Dr Thembekwayo noted the negativity she had felt come from the Department in how it responded to this Amendment Bill. She will continue to engage on it until she sees justice on this matter. It is not a personal matter, not even an EFF matter. It is a matter for poor South Africans. She is committed to this amendment. The importance of legislation is to enshrine the rights of all South Africans and it affects the democratic qualities of dignity and freedom. All organs of State are accountable for these qualities. When the Department therefore says that this is not the correct way, what is the correct way then? This is the correct way. We need to add a sentence into the Act that has not been there; perhaps it was left out deliberately to frustrate poor black South Africans.

She asked for clarity from the Department of Health on what they consider to be ‘appropriate'. She noted how disappointed she was by the Department on this matter.

Dr Thembekwayo said that Ms Chirwa is a Member of Parliament and has a right to say what she says.

The Chairperson warned Dr Thembekwayo that she was starting something she should not and reminded her that he was the Chairperson of this meeting.

The Chairperson passed over to Dr Dyantyi.

Dr P Dyantyi (ANC) thanked the Department for the presentation. It is unfortunate that the Committee must fight amongst each other. They must maintain the decorum of the House of Parliament, be honourable, and respect each other, regardless of age. Turning to the points raised by the Department, she believed they had raised important points, especially on the financial implications of the Amendment Bill. The lack of human resources was also important. This is a global shortage, and the pandemic exposed us to this. The Amendment Bill would not assist in the global shortage of human resources. The Department says that it is doing all that it can. She had visited a clinic, and could not imagine that a 24-hour service could be possible in that particular structure. The Department is not running away from incremental improvement, but resources must be considered in order to create a 24-hour clinic.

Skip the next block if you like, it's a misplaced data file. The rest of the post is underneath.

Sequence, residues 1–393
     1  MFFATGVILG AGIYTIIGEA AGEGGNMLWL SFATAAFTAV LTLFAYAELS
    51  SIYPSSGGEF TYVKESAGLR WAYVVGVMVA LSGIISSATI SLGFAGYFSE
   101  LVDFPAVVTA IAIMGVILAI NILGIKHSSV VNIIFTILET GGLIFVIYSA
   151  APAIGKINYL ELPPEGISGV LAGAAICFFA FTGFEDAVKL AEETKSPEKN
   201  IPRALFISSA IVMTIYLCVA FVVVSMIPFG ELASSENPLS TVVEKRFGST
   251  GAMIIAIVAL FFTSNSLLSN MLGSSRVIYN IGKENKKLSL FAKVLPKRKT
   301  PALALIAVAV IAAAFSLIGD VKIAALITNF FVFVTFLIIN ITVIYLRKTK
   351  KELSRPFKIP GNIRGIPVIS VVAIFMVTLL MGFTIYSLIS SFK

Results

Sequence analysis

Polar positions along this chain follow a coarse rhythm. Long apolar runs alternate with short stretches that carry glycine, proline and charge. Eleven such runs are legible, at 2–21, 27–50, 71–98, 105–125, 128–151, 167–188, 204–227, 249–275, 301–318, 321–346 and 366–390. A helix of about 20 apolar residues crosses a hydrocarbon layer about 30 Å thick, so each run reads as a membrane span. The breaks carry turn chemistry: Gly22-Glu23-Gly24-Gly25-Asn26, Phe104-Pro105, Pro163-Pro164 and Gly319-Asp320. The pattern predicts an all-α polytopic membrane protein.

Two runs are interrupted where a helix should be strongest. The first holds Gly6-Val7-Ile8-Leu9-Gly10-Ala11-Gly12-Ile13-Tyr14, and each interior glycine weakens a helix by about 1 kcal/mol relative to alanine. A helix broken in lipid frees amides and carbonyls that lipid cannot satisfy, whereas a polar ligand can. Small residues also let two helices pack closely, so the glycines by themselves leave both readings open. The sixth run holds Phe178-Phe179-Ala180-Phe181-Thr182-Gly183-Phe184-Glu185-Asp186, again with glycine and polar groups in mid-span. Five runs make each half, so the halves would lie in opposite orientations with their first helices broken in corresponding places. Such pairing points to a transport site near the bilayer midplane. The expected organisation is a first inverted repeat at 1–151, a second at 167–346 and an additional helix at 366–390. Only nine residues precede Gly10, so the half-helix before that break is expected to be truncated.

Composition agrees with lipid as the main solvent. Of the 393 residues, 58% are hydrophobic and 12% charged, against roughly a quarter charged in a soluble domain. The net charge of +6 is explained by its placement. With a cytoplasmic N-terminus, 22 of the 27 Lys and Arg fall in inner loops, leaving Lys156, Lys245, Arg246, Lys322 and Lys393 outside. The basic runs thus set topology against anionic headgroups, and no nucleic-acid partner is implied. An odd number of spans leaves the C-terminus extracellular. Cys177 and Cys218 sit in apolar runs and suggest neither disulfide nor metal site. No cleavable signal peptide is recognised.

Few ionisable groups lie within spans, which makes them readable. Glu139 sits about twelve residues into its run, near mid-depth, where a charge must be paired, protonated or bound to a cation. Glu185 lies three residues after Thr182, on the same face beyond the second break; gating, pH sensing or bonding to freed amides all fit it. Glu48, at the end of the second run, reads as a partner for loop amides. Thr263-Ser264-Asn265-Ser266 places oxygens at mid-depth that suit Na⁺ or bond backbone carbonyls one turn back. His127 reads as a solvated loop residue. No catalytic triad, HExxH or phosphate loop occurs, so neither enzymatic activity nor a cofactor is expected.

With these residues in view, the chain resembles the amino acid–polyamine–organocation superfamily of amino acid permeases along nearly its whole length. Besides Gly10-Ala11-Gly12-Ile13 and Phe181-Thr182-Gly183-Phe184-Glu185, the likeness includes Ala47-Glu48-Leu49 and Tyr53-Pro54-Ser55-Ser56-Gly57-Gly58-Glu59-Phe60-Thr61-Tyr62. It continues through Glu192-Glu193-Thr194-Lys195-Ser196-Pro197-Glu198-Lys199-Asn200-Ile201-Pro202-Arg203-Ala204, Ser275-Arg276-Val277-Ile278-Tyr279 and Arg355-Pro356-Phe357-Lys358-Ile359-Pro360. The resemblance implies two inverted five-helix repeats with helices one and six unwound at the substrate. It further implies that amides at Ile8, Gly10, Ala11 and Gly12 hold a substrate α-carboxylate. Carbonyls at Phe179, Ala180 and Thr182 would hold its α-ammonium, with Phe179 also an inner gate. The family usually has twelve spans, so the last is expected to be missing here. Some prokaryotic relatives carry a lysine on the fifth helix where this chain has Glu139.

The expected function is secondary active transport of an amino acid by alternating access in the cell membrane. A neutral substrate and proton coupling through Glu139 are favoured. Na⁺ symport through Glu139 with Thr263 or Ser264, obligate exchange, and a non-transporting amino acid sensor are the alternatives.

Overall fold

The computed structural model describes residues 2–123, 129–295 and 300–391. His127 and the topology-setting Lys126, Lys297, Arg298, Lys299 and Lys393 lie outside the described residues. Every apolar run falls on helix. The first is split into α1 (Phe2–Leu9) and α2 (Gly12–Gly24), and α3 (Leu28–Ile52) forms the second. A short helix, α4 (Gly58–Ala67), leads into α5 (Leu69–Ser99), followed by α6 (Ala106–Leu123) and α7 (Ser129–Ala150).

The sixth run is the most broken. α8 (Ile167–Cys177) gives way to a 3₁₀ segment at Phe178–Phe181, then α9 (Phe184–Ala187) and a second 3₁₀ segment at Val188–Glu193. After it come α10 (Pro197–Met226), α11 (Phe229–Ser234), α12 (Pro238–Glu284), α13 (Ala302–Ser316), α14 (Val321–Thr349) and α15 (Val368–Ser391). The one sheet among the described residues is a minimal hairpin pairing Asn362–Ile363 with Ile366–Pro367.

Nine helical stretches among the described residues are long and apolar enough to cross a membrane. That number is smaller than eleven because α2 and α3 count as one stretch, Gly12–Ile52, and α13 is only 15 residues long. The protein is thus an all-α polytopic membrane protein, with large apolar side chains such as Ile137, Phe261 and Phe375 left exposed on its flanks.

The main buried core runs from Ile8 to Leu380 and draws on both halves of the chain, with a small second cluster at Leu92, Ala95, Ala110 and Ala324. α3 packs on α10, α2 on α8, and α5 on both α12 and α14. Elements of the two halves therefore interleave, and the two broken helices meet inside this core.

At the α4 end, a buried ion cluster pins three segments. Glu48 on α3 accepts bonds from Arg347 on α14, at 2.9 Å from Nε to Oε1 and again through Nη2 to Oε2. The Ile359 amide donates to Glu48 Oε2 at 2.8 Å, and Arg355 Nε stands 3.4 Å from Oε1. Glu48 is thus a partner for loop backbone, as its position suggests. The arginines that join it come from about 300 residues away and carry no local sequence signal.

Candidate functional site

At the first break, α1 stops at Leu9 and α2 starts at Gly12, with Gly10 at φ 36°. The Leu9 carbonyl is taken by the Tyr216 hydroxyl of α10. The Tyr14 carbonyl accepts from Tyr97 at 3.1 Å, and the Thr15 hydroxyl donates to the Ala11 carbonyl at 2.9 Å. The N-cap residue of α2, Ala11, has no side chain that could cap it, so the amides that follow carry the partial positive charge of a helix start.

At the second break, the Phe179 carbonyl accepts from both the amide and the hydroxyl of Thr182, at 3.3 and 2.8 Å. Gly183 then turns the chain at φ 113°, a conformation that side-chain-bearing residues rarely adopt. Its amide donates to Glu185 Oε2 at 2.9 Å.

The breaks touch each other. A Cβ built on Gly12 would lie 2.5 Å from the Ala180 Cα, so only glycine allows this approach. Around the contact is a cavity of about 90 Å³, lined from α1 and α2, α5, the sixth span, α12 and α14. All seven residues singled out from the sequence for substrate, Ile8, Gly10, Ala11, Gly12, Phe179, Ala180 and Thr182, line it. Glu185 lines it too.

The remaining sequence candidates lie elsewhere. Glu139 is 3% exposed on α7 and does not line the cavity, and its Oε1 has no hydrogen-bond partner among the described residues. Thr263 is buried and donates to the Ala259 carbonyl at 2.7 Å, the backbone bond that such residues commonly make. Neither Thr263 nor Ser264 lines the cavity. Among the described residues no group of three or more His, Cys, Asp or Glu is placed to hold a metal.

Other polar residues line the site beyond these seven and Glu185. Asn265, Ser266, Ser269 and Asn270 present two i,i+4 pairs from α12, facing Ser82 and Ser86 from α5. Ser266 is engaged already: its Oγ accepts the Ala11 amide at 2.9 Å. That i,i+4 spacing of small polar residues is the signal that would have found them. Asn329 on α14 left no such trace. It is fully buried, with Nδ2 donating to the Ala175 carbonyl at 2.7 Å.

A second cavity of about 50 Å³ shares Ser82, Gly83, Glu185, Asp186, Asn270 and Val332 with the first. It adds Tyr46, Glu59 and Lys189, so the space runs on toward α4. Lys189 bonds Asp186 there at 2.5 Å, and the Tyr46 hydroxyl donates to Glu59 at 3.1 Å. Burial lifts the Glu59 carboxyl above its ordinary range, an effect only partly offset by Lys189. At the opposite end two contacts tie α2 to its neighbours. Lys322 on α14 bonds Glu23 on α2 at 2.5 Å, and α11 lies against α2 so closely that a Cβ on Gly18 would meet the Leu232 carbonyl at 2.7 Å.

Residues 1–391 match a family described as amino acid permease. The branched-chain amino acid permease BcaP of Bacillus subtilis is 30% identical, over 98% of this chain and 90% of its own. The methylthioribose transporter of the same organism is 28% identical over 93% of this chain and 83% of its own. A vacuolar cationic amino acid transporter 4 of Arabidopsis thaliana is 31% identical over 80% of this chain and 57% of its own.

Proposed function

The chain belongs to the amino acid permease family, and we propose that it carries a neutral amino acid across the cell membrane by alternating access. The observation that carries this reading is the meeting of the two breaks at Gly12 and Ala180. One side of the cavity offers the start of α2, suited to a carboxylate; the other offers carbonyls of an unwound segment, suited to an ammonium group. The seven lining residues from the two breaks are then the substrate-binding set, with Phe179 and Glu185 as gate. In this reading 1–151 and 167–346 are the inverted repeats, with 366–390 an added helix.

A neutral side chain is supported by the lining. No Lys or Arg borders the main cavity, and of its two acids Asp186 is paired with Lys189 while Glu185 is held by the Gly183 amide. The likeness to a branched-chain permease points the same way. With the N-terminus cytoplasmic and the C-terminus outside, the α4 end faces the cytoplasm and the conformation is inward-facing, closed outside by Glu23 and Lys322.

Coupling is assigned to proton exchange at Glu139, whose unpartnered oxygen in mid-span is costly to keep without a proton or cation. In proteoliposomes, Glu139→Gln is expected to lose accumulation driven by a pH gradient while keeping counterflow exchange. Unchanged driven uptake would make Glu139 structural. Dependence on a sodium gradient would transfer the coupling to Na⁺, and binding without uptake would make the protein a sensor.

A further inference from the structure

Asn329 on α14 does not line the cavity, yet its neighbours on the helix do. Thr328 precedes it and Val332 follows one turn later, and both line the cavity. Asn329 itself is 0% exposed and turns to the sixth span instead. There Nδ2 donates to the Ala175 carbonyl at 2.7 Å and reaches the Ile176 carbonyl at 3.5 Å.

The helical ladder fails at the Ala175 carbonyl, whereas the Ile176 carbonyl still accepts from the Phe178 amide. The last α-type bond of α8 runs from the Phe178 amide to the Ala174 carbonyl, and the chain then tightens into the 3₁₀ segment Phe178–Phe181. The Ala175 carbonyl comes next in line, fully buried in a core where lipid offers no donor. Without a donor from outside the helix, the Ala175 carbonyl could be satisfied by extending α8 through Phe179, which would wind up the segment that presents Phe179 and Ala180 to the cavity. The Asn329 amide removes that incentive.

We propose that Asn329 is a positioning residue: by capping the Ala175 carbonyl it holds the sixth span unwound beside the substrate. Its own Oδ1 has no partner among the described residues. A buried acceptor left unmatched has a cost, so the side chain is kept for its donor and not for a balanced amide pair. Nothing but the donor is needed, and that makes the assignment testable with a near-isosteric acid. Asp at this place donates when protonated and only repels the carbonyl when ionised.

We all care about South Africans, and we know how people are suffering, especially poor black people, but we must look at the costs first before the Bill can be considered. It would be reckless to do otherwise, and we should engage with the Department on this. The costing should be done incrementally. Not all clinics can be 24 hours. It is true that in hospitals, you do not take cases after 4pm because of the same shortages, so how can clinics in the rural areas cater for these patients. We must first look at what is happening in real life and improve on those things. She was not saying that the Bill is not important as they have been saying for a long time that they must improve.

Ms S Gwarube (DA) said it was not necessary for her to comment on the substance of the discussion as her colleagues had covered this, but it would be amiss not to express disappointment at the behaviour of the Committee in this meeting. First, we are all colleagues and we have to afford each other the respect you would a colleague, age and gender have no place in a place of work. There are no elders at work. We have to all be collegial at work. Secondly, she was appalled by the amount of political jostling in this meeting. We are a team. We cannot keep talking about how the ANC has done this and the EFF has done that. We are a team of legislators. We have to do our work and engage with the substance of the legislation. If we are here to praise our parties, we should leave. She pleaded with the Chair that the Committee must understand its role is to make laws that impact all South Africans, and not be political or divisive. She was embarrassed by how this meeting has been conducted today.